Friday, April 13, 9:15 p.m. 

 

Cinematheque 

 

Producer and editor Aaron Ohlmann, a 2003 UW-Madison graduate, will present a special screening of ""Here Is Always Somewhere Else,"" a feature-length documentary he made in partnership with Emmy-nominated writer/director Rene Daalder.  

 

The film focuses on the life and work of Dutch conceptual artist Bas Jan Ader, whose self-destructive performances culminated in his attempt to cross the Atlantic Ocean in a 12-foot sailboat, claiming that the voyage would take him three months if he chose to use the sail, and six months if he decided to let the current take him. Nine months later the boat washed up off the coast of Ireland, but Bas Jan had vanished.  

 

As recounted through the eyes of fellow emigrant Rene Daalder, the documentary becomes a sweeping overview of contemporary art films as well as an epic saga of the transformative powers of the sea. 

 

—Aaron Ohlmann, guest contributed to the Daily Cardinal 

 

 

 

""It's Happiness: A Polka Documentary"" 

 

Saturday, April 14, 6:30 p.m. 

 

Wisconsin Historical Society 

 

Craig DiBiase's polka documentary is as much fun as the music the film is about. It follows the evolving polka scene and the meaning of the dance to Wisconsin's heritage. From the Wisconsin's Polka Boosters to ""The Rowdy Bunch,"" this movie is a good time. And if the dancing doesn't do it for you, you have to respect the elders in this movie who could probably drink you under the table. Though the movie drags at certain points, the quick tempo of the polka music and the lovable enthusiasts keep your interest. ""It's Happiness: A Polka Documentary"" will give young and old a new appreciation for our state dance.  

 

—Megan Corbett 

 

 

 

""The Last Stain""  

 

Saturday, April 14, 2:00 p.m. 

 

Monona Terrace Convention Center 

 

A look behind the curtain in the world of street crime, ""The Last Stain"" attempts to shed light on the ""who"" and ""why"" of theft and petty crime. Brodsky and Smitty are practically brothers, trying to help each other find a way to solve the problems they have with their real family.  

 

For Brodsky, seeing his mother struggle to support him and his little brother is turning him, however hesitantly, to a more drastic solution. Smitty, on the other hand, has a pregnant girlfriend and the idea in his head that his dire straits afford him no alternative but crime. These misguided notions bring the pair to a convenience store robbery, where a run-in with some hardened thieves out for the same score tests the limits of their brotherhood.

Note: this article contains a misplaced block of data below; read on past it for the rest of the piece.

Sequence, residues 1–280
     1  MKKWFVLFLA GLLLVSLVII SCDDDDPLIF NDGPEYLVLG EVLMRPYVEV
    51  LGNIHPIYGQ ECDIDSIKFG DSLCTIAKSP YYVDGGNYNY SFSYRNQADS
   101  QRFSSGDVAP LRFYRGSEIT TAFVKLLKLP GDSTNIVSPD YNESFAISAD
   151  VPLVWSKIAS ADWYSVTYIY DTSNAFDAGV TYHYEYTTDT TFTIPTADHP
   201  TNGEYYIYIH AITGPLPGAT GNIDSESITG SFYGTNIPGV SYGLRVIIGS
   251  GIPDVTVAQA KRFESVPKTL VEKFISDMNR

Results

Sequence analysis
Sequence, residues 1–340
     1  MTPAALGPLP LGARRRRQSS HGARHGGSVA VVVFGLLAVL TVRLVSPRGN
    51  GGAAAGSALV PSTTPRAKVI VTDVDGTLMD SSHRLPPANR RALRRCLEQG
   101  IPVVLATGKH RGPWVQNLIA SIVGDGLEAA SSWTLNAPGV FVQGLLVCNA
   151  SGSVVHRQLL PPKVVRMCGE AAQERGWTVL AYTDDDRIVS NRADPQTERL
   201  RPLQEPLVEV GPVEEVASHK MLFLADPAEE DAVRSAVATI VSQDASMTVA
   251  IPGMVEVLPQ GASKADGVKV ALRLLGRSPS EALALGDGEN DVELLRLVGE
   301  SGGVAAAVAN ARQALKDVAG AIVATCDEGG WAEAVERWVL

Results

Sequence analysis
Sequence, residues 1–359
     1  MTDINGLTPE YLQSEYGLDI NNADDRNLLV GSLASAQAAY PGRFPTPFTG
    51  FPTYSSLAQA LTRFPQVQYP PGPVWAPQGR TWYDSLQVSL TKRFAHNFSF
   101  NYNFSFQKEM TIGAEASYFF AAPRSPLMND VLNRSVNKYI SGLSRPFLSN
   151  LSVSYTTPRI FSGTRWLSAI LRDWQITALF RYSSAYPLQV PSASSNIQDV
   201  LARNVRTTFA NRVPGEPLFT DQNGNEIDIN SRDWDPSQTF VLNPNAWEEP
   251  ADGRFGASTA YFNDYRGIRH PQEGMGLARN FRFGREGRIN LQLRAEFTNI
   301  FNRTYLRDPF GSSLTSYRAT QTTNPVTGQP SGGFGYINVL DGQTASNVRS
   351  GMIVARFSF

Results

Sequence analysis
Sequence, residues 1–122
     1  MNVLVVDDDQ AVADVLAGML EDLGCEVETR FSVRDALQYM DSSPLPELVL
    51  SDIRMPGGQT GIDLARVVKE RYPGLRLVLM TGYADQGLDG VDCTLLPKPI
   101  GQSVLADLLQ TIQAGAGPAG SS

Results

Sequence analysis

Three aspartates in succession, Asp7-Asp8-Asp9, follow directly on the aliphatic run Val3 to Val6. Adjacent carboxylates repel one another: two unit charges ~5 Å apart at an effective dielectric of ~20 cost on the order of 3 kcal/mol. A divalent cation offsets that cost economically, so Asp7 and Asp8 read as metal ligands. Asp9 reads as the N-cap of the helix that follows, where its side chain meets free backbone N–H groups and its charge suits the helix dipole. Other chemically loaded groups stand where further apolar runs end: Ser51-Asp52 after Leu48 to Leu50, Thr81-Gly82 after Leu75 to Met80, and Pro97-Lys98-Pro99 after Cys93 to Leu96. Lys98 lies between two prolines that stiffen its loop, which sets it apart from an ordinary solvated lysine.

—Mark Riechers 

 

 

 

""Walk into Hell/Purgatorio"" 

 

Saturday, April 14, 1:15 p.m. 

 

Frederic March Play Circle 

 

Start by imagining David Lynch's ""Eraserhead"" compressed to 15 minutes, spoken in mumbled gibberish and somehow, made more symbolically obscure. Add the acting of two bumbling brothers and sprinkle gluttonously with religious references wavering between reverence and blasphemy before straining away all unambiguous material. Finally, don't bother cooking this dead fetus-sized feast for the subconscious. Director Dal Lazlo's ""Walk into Hell/Purgatorio"" is served raw, like fetal pig guts eaten straight from the belly. Weak stomachs beware. 

 

Described as ""brain-damaged surrealism,"" this stylistically-bipolar, cinematic anomaly actually combines two films shot 30 years apart. Both follow Marv and Merle—Tweedledee and Tweedledum of avant-garde—first through a black and white ""hell,"" where the duo beheads fish and studies the anatomy of partial human heads found in gelatinous molds, before visiting the more vibrant, ""Purgatorio,"" where the two hilarious geriatrics ramble between non sequiturs and Eucharistic rituals, doggy style.  

 

When it's over, you'll have cringed, laughed, squirmed and maybe even made sense of it. You certainly won't see anything like it for some time.  

 

—Ryan Hebel 

 

 

 

""White Bunny""  

 

Saturday, April 14, 11:30 p.m. 

 

Sunday, April 15, 11:00 p.m. 

 

Cinematheque 

 

""White Bunny"" is a story that is not driven by plot, like most, but by images on the screen. The German film, part of the Wisconsin Film Festival's ""short times 10"" series, is a tale of three people on a train, one whose somewhat dark memories are sparked by the appearance of a young girl's pet rabbit. 

 

The film is more than a little strange both visually and in what little plot it has, and may send you searching for a copy of the short just to understand what you've seen. But where it's strongest is in use of its dark tone and visceral images, reminding us all that film is first a visual art. 

 

—Brad Boron